Well, that was a tense as hell hour. This show is finding new ways to define compelling, and drawn-in storytelling with every episode this season, and I’ll be honest, it’s f*cking thrilling. It felt truly like the stage has been set, the match is lit for a lot of craziness to come, which says a lot, given everything that’s ALREADY happened.
We focused on the crew in Polis and those in Eden, which brought to light a lot of character growth, moments and — more than anything — drama. My favorite kind in a television show! It’s honestly impressive how The 100 has honed in so tight on letting the characters, and their relationships, interactions, and clashes drive the story. I say that with the full knowledge and sadness that it’s getting harder and harder to find television shows that do that.
That being said, let’s dive into it, shall we?
Eden: The Paradise of Spies instead of Snakes
The moving parts of a story are best looked at through the lens of the characters. When it comes to Colonel Diyoza and her murderous crew, the differences between our heroes, and “villains” begin to shrink when you look at the motivations of their choices.
Zeke (I refuse to call him Shaw, sue me), and Raven bonded when he revealed a part of the backstory that led 300 prisoners to revolt against the company that sent them to space. It didn’t surprise me that his moral compass led him to treat these prisoners like humans, but I was happy to see Raven recognize his conflict and goodness enough to not want to betray him when Echo suggested it. On Echo’s part, what she did was smart, and perfectly encompassed her spy role to get the mission done, regardless of whose confidence she breaks. I don’t condone it, and I certainly doubt Raven will be happy with her, but I refuse to automatically paint Echo as a villain for this.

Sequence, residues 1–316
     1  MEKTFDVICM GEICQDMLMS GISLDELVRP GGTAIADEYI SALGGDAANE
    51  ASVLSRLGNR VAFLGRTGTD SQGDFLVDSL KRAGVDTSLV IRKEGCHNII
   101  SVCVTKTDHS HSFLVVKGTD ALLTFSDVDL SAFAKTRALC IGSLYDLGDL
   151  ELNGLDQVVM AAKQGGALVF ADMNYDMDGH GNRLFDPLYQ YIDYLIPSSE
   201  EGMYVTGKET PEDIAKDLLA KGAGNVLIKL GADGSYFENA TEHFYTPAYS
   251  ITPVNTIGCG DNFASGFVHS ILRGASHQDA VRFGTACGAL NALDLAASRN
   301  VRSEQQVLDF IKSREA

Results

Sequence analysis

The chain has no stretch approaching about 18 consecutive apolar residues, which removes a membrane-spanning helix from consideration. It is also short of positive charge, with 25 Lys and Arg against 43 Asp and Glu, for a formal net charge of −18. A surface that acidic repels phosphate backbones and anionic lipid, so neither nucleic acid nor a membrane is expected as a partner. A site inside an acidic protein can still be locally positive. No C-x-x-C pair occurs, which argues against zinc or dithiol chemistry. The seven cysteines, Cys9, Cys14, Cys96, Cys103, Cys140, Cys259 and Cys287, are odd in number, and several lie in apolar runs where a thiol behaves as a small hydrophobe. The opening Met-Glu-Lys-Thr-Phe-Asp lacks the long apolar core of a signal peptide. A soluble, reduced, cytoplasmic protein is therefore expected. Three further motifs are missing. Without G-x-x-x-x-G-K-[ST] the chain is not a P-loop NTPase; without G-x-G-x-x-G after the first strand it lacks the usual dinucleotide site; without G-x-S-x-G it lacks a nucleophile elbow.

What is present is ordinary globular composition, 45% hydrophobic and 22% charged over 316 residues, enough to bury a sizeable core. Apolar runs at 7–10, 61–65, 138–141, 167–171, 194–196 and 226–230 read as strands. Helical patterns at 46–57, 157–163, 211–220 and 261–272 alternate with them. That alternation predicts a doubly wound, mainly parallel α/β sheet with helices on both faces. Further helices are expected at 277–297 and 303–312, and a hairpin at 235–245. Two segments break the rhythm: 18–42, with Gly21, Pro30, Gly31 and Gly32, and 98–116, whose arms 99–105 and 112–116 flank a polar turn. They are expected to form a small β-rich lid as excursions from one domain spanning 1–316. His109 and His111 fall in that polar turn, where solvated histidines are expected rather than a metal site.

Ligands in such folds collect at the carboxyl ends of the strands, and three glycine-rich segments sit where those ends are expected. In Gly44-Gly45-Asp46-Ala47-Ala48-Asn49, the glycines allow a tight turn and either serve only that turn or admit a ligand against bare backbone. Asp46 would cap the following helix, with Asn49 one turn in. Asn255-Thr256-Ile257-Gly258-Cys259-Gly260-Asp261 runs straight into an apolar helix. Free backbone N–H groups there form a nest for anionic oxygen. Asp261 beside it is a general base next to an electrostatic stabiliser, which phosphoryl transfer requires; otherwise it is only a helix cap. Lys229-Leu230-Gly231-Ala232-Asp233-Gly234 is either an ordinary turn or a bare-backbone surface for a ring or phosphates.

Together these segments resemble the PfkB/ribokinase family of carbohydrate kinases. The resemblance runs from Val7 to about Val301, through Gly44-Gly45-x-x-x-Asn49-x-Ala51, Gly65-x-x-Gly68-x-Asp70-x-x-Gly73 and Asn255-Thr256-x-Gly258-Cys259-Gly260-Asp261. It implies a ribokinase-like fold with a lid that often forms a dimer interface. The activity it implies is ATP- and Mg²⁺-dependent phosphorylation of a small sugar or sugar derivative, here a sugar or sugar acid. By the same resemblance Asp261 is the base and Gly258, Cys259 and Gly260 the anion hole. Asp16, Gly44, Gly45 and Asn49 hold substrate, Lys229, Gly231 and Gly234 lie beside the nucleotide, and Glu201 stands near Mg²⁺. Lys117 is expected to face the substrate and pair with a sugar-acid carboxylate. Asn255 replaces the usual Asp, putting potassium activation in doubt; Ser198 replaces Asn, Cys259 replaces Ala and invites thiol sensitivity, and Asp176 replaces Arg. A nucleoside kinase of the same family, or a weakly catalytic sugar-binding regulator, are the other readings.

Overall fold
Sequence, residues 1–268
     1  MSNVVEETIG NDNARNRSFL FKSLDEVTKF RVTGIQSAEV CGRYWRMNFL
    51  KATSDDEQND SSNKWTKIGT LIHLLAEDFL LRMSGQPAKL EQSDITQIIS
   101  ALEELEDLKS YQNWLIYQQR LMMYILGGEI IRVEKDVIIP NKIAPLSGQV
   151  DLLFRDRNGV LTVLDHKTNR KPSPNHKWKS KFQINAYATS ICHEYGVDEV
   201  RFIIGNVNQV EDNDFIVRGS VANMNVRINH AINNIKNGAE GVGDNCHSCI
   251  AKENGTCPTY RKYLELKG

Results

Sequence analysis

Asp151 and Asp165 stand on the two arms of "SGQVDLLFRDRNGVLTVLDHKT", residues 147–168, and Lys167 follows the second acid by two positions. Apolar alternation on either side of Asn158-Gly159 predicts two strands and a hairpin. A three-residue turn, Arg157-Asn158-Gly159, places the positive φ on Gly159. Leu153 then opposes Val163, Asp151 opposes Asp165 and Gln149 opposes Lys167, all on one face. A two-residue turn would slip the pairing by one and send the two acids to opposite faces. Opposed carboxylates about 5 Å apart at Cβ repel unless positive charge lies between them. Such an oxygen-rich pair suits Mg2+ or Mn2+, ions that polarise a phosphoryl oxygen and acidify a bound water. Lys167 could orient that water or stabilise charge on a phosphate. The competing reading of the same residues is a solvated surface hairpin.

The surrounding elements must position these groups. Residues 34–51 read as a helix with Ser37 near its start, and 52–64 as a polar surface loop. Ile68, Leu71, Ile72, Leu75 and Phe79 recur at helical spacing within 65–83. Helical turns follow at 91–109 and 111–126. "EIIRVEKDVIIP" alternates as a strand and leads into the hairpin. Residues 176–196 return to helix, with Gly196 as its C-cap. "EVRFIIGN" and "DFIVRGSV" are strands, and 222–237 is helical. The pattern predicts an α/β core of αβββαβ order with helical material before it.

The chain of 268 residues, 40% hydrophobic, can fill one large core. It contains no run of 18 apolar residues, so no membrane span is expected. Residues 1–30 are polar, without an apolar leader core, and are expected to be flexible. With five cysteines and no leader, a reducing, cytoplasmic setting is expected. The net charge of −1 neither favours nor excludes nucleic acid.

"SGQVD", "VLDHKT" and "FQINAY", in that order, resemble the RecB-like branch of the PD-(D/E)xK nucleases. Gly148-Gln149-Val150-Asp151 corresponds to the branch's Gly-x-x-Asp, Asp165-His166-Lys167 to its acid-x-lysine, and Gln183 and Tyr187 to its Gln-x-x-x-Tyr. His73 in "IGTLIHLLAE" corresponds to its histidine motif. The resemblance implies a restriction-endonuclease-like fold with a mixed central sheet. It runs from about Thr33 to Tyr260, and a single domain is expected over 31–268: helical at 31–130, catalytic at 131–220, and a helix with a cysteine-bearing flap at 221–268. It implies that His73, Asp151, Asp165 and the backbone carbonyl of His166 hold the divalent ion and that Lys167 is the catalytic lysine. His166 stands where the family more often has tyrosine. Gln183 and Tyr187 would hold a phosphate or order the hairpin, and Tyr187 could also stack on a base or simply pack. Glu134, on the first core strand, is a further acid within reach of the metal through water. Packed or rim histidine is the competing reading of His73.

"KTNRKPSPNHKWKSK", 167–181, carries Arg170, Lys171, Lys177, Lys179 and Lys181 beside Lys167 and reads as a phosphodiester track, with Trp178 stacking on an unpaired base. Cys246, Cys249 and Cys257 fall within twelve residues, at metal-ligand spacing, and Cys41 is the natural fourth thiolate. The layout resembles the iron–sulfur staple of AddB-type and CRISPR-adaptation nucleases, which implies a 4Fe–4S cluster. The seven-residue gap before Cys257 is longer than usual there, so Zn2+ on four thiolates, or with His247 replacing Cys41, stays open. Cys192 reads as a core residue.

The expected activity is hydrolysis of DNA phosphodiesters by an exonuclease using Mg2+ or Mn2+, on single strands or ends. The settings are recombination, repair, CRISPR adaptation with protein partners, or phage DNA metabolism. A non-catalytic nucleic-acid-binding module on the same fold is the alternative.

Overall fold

Echo has always been a person whose loyalty runs deep. First to Azgeda, and now to her space kru family. I have no doubt she fostered more powerful and better relationships with them over the last six years, but — as it’s quickly proving — time doesn’t change the core of who you are, and how you operate.
Now the mission is complete, and only the aftermath remains. That’s a chilling thought, knowing this show. Choices have consequences, as Abby learned the hard way. I know there’s a lot of people out there railing against Kane and what he said, but when it comes down to it, what else could he have done under the circumstances?
Abby is addicted to pills, and no matter what justification she uses, she’s always going to make the choice to do what’s easier, and that’s continuing to take them. I know Kane loves her, which makes his choice that much harder because, out of everything, this is where they’ve landed. In an enemy camp surrounded by criminals, and trying to find a way to live. My Kabby heart hurt for them, and I am praying they find their way back to each other, but Abby has to tackle her own issue first. God, I hope they both live long enough to do it.
To top it off, Diyoza — the battle ridden, brilliant strategist and former prisoner — gets the reveal of the hour: she’s not sick; she’s PREGNANT. Kudos to the writers’ team choosing to write in the actress’ real life pregnancy. And wow — talk about instant understanding of her choices to take the valley, for her kid, and to find a way to not fight a war.
Talk about upping the danger level, and I haven’t even started talking about Octavia.
Winning the battles does not equal winning the War